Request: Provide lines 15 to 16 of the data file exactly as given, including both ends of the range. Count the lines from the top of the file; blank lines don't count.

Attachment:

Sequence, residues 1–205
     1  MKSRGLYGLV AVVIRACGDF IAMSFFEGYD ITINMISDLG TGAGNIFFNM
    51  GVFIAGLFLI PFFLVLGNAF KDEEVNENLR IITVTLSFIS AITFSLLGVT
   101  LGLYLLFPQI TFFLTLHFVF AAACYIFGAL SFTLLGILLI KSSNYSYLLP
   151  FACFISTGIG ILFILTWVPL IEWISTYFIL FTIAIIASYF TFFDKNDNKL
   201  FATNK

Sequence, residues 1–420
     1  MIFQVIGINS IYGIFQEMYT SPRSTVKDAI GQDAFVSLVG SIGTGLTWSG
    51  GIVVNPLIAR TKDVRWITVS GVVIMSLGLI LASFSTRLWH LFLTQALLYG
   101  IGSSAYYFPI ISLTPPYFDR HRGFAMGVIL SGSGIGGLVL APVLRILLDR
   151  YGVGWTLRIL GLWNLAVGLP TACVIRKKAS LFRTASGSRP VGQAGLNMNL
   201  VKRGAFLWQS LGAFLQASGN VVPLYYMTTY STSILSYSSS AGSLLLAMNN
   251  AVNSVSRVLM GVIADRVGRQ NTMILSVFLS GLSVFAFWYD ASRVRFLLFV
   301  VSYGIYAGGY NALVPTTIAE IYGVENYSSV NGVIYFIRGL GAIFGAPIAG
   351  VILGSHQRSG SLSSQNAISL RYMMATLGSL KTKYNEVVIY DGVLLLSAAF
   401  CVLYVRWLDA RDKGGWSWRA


   351  VILGSHQRSG SLSSQNAISL RYMMATLGSL KTKYNEVVIY DGVLLLSAAF
   401  CVLYVRWLDA RDKGGWSWRA